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Massachusetts One Step Closer to Recreational Marijuana Legalization, Lawmakers Agree on Reform Law

A bill to reform Massachusetts’ voter-approved recreational marijuana ballot law is now being considered by Governor Charlie Baker.

Massachusetts State House and Senate lawmakers reached an agreement earlier this month on the state’s voter-approved recreational marijuana law. Voters legalized recreational marijuana in November of last year, but the state has yet to implement the law. This new bill reforms measures of the ballot law, including tax rate and control over banning marijuana retail stores in cities and towns.

“We have protected the right of adults to grow, possess, and use marijuana. To give them access to a safe, legal supply, the bill removes barriers to the development of a legal market,” said Sen. Patricia Jehlen, a Somerville Democrat.

The House approved the reform bill with a 136-11 vote. Then the Senate, with a 32-6 vote, approved it. It has been sent to Governor Charlie Baker, who can sign it into law or send it back to the legislature with amendments.

One of the biggest changes in the new law is the tax rate. The marijuana initiative approved by voters called for a maximum 12 percent tax. This new reform bill nearly doubles that rate, proposing up to a 20 percent tax. It would be made up of a 6.25 percent sales tax, a 10.75 percent excise tax, and a 3 percent “local option” that cities and towns could levy.

“The rate that was set by the ballot question wasn’t enough to implement the regulatory structure that would be required for a brand new industry such as marijuana,” State Rep. Michael Finn (D-West Springfield) told 22 News. “We can always revisit this if something’s not working.”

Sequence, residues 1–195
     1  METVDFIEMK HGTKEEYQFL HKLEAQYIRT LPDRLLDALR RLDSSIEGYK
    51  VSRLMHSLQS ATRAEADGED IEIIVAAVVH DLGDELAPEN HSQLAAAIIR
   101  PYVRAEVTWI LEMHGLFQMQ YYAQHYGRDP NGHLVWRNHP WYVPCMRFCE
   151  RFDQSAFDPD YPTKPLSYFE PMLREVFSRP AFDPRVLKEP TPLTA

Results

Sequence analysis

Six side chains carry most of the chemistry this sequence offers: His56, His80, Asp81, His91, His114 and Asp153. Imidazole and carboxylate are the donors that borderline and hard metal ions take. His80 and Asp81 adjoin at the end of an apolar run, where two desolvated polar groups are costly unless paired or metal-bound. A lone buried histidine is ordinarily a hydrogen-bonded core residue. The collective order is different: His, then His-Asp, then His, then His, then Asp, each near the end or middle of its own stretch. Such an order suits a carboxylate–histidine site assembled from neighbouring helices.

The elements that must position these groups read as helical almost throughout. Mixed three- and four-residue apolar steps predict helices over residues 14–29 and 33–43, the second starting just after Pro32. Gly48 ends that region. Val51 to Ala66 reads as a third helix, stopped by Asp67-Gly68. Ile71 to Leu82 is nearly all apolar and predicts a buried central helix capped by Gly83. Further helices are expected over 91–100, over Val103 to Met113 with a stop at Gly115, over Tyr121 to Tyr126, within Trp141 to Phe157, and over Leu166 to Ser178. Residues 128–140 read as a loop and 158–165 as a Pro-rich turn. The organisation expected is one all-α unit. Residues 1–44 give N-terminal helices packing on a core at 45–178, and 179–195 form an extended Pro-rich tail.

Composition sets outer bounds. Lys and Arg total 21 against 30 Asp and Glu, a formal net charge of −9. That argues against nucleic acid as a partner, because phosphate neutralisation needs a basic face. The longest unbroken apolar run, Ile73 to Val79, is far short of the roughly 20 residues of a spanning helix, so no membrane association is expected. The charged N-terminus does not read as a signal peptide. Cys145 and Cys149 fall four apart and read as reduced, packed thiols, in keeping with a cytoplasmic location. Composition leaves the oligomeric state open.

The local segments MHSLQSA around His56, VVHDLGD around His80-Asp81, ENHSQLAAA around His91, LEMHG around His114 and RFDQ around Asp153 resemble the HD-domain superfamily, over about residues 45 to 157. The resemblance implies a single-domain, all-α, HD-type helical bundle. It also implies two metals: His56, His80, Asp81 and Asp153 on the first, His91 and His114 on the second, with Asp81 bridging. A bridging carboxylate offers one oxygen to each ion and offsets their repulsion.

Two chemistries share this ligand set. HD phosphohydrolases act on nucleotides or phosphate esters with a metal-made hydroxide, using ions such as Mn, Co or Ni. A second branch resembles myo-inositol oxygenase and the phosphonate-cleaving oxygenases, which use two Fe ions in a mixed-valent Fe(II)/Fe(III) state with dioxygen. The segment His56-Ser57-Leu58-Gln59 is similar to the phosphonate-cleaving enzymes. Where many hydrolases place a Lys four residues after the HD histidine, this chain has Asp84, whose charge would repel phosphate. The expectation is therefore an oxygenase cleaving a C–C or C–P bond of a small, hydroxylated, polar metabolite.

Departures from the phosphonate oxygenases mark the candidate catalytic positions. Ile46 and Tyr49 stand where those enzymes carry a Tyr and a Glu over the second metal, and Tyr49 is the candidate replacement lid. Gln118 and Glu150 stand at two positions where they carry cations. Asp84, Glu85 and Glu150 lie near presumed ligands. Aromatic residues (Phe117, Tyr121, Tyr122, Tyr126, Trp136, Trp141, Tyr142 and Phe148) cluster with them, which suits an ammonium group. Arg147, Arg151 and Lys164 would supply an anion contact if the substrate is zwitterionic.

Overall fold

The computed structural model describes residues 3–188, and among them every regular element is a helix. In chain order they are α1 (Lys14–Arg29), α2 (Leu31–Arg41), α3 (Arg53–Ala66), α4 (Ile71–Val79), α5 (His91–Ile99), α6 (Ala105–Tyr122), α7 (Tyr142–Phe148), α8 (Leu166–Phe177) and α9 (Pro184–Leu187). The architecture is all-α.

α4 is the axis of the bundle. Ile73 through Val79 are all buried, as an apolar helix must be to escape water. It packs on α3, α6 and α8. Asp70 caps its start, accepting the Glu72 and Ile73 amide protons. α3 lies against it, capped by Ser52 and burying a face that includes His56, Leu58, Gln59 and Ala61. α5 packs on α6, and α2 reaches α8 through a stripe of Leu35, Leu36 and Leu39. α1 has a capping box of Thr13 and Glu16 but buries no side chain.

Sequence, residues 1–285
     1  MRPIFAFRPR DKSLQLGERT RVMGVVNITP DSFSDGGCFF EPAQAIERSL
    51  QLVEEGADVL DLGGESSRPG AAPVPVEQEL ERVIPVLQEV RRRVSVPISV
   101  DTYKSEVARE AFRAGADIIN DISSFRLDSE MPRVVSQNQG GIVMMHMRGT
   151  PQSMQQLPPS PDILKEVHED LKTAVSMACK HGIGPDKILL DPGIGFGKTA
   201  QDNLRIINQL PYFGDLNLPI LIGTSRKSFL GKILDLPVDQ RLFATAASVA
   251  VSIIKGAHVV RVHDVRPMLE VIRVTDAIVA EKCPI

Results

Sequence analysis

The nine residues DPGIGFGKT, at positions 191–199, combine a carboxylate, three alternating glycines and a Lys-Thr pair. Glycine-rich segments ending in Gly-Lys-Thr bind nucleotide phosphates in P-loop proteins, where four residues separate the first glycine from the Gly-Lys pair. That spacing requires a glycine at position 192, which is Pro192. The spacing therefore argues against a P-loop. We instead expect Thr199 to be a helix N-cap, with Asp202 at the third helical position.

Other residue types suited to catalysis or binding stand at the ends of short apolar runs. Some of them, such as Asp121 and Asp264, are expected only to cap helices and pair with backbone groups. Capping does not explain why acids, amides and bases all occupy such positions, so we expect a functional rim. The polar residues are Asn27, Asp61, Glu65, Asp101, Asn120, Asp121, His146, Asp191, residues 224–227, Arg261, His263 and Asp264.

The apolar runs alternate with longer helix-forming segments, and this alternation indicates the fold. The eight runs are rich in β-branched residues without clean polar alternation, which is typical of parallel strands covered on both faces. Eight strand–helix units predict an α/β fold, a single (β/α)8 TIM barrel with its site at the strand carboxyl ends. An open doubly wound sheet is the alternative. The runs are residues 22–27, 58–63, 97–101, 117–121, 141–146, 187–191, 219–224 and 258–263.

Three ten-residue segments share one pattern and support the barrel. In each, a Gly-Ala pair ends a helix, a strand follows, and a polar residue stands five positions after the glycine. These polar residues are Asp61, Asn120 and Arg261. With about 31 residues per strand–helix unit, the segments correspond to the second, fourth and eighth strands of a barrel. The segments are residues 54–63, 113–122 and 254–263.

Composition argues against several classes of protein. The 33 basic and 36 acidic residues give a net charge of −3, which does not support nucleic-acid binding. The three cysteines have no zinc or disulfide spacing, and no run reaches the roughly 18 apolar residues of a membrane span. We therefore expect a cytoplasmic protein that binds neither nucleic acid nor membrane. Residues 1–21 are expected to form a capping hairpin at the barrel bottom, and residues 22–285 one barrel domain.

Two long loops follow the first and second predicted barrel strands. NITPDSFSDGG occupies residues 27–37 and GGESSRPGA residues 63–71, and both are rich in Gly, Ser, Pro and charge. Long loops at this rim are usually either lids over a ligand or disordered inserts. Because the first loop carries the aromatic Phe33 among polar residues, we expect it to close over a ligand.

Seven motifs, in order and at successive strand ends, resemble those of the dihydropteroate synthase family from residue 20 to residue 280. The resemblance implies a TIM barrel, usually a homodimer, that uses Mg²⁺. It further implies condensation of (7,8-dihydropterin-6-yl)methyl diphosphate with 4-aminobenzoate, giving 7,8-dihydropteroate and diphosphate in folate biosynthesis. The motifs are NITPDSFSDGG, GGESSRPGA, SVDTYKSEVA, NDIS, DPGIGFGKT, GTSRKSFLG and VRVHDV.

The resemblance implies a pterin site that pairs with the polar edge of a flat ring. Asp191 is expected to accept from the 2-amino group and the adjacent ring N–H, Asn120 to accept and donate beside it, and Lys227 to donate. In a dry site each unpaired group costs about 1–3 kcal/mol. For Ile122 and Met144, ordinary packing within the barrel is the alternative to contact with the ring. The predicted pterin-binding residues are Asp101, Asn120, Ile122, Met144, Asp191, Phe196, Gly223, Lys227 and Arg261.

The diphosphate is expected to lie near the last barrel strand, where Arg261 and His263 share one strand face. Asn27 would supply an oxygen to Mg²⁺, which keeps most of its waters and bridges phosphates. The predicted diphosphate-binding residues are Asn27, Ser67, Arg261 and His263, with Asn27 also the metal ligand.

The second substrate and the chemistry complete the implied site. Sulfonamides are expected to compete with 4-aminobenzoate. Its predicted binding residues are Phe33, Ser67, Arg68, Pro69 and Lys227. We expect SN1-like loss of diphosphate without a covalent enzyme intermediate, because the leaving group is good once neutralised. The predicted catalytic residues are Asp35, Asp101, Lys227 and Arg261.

Massachusetts would have had one of the lowest tax rates of the eight states that have legalized recreational marijuana. Maine is expected to have a 10 percent tax. The state of Washington charges a 37 percent tax on sales.

“[The new tax rate] protects the rights of medical marijuana patients, and gives opportunity to farmers and to people who have been harmed by the War on Drugs,” added Sen. Jehlen. “The tax rate remains among the lowest in the country, and the same as in Oregon, often seen as successful.”

The reformed bill also amends how cities and towns would be able to decide whether to ban cannabis retail stores. In the original law approved by voters, a referendum would be required. Under the reformed law, it would depend on whether that town had originally approved recreational marijuana in November. In towns that had approved the measure, voters would be able to ban shops through referendum. In towns that voted against legalizing recreational marijuana, however, local leaders would be allowed to decide to ban shops.

The personal possession and home cultivation limits remain the same. If the bill were signed into law, adults over the ages of 21 would be able to legally possess up to 10 ounces of marijuana inside a primary residence and up to 1 ounce outside the primary residence. Adults in a household would be able to cultivate up to 12 cannabis plants.

The conference bill also combines Massachusetts’ medical marijuana and recreational marijuana under one oversight authority and legalizes the production of hemp. All cannabis programs will be overseen by the Cannabis Control Commission.

The delay in implementation by lawmakers has pushed out the launch date of marijuana retail shops to July 2018. Originally, shops were scheduled to open January 2018. Once shops do open, the state is expected to generate $64 million in taxes in the program’s first year.

Massachusetts is one of eight U.S. states to legalize recreational marijuana. You can learn more about cannabis laws throughout the U.S. by visiting our education page.